Report: 17 Christians killed every day in Nigeria in first half of 2021

shutterstock 1249076266 The flag of Nigeria on a soldier’s arm. | Bumble Dee/Shutterstock

An estimated 3,462 Christians have been killed in Nigeria in the first 200 days of 2021, according to a new study.

This equates to 17 Christians being murdered every day in Africa’s most populous country, reported ACI Africa, CNA’s African news partner.

The study by the International Society for Civil Liberties and Rule of Law (Intersociety) in Onitsha, eastern Nigeria, said that the figure included 10 priests and pastors who were murdered between Jan. 1 and July 18.

“The number of defenseless Christians hacked to death by Nigeria’s Islamic jihadists and their collaborators in the security forces in the past 200 days ... has risen to no fewer than 3,462 and this is just 68 deaths less than the total deaths of Nigerian Christians in 2020, which the Open Doors’ World Watch List of Persecuted Christians put at 3,530,” Intersociety said.

The figure is the second-highest since 2014 when more than 5,000 Christian deaths were recorded at the hands of Boko Haram and Fulani herdsmen, the Intersociety study noted.

The report indicated that Boko Haram, one of Africa’s largest Islamist groups, was responsible for the deaths of more than 4,000 Christians in 2014. Fulani herdsmen, who have clashed frequently with Christian farmers over grazing land, accounted for an additional 1,229 deaths that year.

“In our last report issued on May 11, 2021, covering January to April 2021, we found that no fewer than 1,470 Christians were hacked to death and in the past 80 days -- or May 1 to July 18, 2021 -- not less than 1,992 Christian lives have been lost,” said the report issued on July 18.

Intersociety is a research and investigative rights group that has monitored religious persecution across Nigeria since 2010.

The human rights group gathers information through contact with victims and eyewitnesses, media tracking, and interviews, among other methods.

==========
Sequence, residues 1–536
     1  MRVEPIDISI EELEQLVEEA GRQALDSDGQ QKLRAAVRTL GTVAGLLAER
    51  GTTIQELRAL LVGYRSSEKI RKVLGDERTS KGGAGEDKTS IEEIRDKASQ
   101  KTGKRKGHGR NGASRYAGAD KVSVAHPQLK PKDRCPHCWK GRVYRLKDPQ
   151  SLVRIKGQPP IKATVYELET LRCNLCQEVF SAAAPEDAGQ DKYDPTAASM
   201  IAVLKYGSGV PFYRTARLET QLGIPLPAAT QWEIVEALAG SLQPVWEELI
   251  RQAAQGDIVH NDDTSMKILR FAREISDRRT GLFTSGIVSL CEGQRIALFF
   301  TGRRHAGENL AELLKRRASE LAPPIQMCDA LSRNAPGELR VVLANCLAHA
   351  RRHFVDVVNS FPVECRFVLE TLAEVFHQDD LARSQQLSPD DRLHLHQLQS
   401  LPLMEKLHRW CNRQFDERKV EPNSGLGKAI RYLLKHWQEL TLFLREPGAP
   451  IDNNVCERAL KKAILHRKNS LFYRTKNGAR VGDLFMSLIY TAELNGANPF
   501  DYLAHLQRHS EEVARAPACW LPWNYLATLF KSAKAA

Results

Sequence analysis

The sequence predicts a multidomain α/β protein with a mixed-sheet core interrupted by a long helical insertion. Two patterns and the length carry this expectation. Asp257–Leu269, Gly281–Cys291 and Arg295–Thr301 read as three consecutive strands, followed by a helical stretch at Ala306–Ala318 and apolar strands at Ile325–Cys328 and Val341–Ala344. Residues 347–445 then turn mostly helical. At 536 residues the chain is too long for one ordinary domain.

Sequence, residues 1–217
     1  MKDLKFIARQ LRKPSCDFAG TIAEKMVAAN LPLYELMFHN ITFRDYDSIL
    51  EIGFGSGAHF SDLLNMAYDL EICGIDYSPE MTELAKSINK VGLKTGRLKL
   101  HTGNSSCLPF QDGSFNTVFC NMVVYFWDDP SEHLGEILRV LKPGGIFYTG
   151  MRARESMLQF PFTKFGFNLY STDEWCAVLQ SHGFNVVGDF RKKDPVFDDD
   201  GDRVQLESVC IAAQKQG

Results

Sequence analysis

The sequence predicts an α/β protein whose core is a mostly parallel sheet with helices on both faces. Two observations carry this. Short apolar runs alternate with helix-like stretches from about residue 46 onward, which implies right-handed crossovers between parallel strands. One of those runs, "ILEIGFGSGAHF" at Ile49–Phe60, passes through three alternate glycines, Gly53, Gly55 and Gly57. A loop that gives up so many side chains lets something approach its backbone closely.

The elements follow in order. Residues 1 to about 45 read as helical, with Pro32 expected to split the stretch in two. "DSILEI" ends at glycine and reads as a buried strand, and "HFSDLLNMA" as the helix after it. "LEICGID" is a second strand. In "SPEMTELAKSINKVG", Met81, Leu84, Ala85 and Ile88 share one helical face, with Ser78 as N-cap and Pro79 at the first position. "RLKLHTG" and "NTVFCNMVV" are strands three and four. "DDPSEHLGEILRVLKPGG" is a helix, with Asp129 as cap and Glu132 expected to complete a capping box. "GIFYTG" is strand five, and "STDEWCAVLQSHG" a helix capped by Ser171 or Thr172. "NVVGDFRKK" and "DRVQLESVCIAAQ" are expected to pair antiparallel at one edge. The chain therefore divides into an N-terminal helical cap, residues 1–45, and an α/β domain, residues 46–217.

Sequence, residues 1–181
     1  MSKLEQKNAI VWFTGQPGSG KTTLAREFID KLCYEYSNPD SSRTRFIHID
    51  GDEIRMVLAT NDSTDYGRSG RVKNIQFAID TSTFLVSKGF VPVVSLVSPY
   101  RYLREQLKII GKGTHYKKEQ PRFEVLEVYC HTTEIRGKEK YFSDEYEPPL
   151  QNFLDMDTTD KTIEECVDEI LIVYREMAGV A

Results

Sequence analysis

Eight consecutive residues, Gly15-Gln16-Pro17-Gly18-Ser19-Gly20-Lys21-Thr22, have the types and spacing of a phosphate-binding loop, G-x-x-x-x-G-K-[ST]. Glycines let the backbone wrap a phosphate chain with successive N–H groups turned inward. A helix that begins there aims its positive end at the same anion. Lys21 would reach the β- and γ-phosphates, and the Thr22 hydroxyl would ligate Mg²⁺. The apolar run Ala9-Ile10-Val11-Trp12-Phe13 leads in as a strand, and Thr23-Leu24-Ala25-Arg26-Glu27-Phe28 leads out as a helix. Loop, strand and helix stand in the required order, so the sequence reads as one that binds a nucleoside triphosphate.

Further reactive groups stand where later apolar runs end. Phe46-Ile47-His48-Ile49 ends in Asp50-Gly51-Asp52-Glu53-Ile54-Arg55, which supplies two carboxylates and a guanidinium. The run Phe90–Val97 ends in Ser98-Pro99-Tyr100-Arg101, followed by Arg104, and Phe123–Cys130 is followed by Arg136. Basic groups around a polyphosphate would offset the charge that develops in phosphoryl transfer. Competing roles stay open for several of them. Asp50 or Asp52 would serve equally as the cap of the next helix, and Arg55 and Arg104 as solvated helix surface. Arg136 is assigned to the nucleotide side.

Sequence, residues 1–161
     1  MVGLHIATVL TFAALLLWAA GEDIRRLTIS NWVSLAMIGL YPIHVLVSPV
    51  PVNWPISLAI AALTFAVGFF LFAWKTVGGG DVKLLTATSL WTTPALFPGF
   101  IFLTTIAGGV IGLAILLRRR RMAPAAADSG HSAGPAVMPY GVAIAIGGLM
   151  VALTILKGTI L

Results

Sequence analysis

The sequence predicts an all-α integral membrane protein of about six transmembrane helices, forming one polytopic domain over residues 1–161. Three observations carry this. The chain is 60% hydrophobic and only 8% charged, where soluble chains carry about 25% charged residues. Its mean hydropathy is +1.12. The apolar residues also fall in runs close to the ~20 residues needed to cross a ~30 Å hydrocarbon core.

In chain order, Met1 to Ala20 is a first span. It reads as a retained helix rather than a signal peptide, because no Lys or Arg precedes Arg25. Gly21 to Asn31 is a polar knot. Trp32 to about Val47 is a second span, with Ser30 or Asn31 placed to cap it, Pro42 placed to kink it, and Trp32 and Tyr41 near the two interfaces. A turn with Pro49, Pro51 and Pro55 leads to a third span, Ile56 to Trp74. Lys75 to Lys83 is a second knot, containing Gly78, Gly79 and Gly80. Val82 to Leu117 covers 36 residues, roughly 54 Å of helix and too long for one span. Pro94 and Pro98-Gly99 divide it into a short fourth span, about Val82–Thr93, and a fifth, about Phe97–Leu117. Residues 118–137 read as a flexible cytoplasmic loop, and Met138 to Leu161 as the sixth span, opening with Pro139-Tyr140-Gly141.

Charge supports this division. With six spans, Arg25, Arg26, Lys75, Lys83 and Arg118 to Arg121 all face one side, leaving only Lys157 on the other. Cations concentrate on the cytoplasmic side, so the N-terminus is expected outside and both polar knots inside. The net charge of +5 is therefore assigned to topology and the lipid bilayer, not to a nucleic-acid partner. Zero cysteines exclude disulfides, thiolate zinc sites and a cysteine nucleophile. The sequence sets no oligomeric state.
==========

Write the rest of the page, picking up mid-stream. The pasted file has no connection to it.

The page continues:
Intersociety found that 2,200 Christians were abducted between Jan. 1 and April 30 this year, with a further 780 kidnapped between May 1 and July 18 -- a total of 3,000 people seized since the start of 2020.

The investigators said that at least three out of every 30 abducted Christians were likely to have died in captivity, suggesting that some 300 kidnapped Christians died in the first half of this year.

The additional deaths of 150 people were also added to represent what researchers referred to as “dark figures,” meaning deaths that occurred but were not reported.

Around 300 churches have been targeted since January 2021, the investigators said.

They noted that Taraba State, in northeastern Nigeria, was the worst-affected area, with at least 70 churches threatened or attacked.

The report’s authors said it was “deeply saddening” that those responsible for anti-Christian attacks had continued to evade justice, creating a sense impunity and leading to repeated atrocities.

According to the organization, surviving victims and families of murder victims have been totally abandoned by the Nigerian government.

“The country’s security forces have so fumbled and compromised that they hardly intervene when the vulnerable Christians are in danger of threats or attacks, but only emerge after such attacks to arrest and frame up the same population threatened or attacked,” the report said.

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It added: “In the north, the jihadists operate freely under the cover and protection of the security forces; abducting, killing, looting, destroying or burning and forcefully converting their captive and unprotected Christians and their homes and sacred places of worship and learning.”

“But the same security forces hatefully and brutally respond with utter ferocity against southern and northern Christians accused of infraction or offending the law.”

According to the report, Fulani herdsmen were responsible for the most killings, having murdered an estimated 1,909 Christians in the first 200 days of this year.

They were followed by Boko Haram, the Islamic State in West Africa Province (ISWAP), and Muslim Fulani bandits who jointly killed 1,063 Christians.

The report said that the Nigerian army, alongside the Nigeria Police Force and other branches of the armed forces, accounted for 490 Christian deaths.

“The Muslim Fulani bandits, originally formed in [the northwestern] Zamfara State in 2011, are jointly responsible for terrors going on in Christian parts of Southern Kaduna, Niger, FCT [Federal Capital Territory], Nasarawa and Kogi states,” the report said.

The Fulani bandits are also responsible for attacks on indigenous Hausa Muslims in Zamfara, Katsina, Sokoto, and Kebbi.

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In Kebbi State, in northwestern Nigeria, Muslim Fulani bandits target and kill or abduct both Christians and Muslims, alleging that the “indigenous Hausa Muslims are not pure Muslims,” the report said.

The bandits are also staging what Intersociety called “ferocious jihadist attacks” against their fellow Muslims in Zamfara, Katsina, Sokoto, and Muslim areas of Kaduna and Niger states.

A version of this story was first published by ACI Africa, CNA’s African news partner, written by Agnes Aineah. It has been adapted by CNA.

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